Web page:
list(concat(l)) # or just `concat(l)` if one only wants to iterate over the items

On my computer, in python 3.6, this seems to time almost as fast as [item for sublist in l for item in sublist] (not counting the import time):

In [611]: %timeit L = [item for sublist in l for item in sublist]
695 ns ± 2.75 ns per loop (mean ± std. dev. of 7 runs, 1000000 loops each)

In [612]: %timeit L = [item for sublist in l for item in sublist]
701 ns ± 5.5 ns per loop (mean ± std. dev. of 7 runs, 1000000 loops each)

In [613]: %timeit L = list(concat(l))
719 ns ± 12 ns per loop (mean ± std. dev. of 7 runs, 1000000 loops each)

In [614]: %timeit L = list(concat(l))
719 ns ± 22.9 ns per loop (mean ± std. dev. of 7 runs, 1000000 loops each)

The toolz version is indeed slower:

In [618]: from toolz import concat

In [619]: %timeit L = list(concat(l))
845 ns ± 29 ns per loop (mean ± std. dev. of 7 runs, 1000000 loops each)

In [620]: %timeit L = list(concat(l))
833 ns ± 8.73 ns per loop (mean ± std. dev. of 7 runs, 1000000 loops each)

answered 8 months ago EL_DON #27

matplotlib.cbook.flatten() will work for nested lists even if they nest more deeply than the example.

import matplotlib
l = [[1, 2, 3], [4, 5, 6], [7], [8, 9]]
print(list(matplotlib.cbook.flatten(l)))
l2 = [[1, 2, 3], [4, 5, 6], [7], [8, [9, 10, [11, 12, [13]]]]]
print list(matplotlib.cbook.flatten(l2))

Result:

[1, 2, 3, 4, 5, 6, 7, 8, 9]
[1, 2, 3, 4, 5, 6, 7, 8, 9, 10, 11, 12, 13]

This is 18x faster than underscore._.flatten:

Average time over 1000 trials of matplotlib.cbook.flatten: 2.55e-05 sec
Average time over 1000 trials of underscore._.flatten: 4.63e-04 sec
(time for underscore._)/(time for matplotlib.cbook) = 18.1233394636

answered 8 months ago Brad Solomon #28

Note: Below applies to Python 3.3+ because it uses yield_from. six is also a third-party package, though it is stable. Alternately, you could use sys.version.


In the case of obj = [[1, 2,], [3, 4], [5, 6]], all of the solutions here are good, including list comprehension and itertools.chain.from_iterable.

However, consider this slightly more complex case:

>>> obj = [[1, 2, 3], [4, 5], 6, 'abc', [7], [8, [9, 10]]]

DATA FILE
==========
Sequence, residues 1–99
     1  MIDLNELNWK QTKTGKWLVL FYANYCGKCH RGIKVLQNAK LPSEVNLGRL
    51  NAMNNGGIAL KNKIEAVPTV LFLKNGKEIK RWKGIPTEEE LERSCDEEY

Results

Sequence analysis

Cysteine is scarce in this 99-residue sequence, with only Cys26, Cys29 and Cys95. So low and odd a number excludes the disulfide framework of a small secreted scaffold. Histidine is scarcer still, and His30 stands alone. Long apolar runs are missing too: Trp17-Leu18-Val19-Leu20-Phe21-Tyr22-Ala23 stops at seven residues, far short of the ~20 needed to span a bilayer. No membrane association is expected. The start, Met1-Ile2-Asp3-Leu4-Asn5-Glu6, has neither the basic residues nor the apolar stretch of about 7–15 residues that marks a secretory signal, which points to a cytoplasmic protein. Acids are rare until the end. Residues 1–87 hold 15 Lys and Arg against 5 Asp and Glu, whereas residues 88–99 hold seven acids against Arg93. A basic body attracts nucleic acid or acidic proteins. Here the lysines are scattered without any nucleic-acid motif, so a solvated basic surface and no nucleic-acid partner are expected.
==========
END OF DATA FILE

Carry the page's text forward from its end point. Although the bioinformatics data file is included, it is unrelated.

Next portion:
There are several problems here:

  • One element, 6, is just a scalar; it's not iterable, so the above routes will fail here.
  • One element, 'abc', is technically iterable (all strs are). However, reading between the lines a bit, you don't want to treat it as such--you want to treat it as a single element.
  • The final element, [8, [9, 10]] is itself a nested iterable. Basic list comprehension and chain.from_iterable only extract "1 level down."

You can remedy this as follows:

>>> from collections import Iterable
>>> from six import string_types

>>> def flatten(obj):
...     for i in obj:
...         if isinstance(i, Iterable) and not isinstance(i, string_types):
...             yield from flatten(i)
...         else:
...             yield i


>>> list(flatten(obj))
[1, 2, 3, 4, 5, 6, 'abc', 7, 8, 9, 10]

Here, you check that the sub-element (1) is iterable with Iterable, an ABC from itertools, but also want to ensure that (2) the element is not "string-like."

answered 7 months ago ASz #29

I think the easiest way and universal is to write recursive function like this:

def flat_list(some_list = []):
elements=[]
for item in some_list:
    if type(item) == type([]):
        elements += flat_list(item)
    else:
        elements.append(item)
return elements

list =  ['a', 'b', 1, 2, 3, [1, 2, 3, 'c',[112,123,111,[1234,1111,3333,44444]]]]
flat_list(list)

>>> ['a', 'b', 1, 2, 3, 1, 2, 3, 'c', 112, 123, 111, 1234, 1111, 3333, 44444]

answered 5 months ago phoxis #30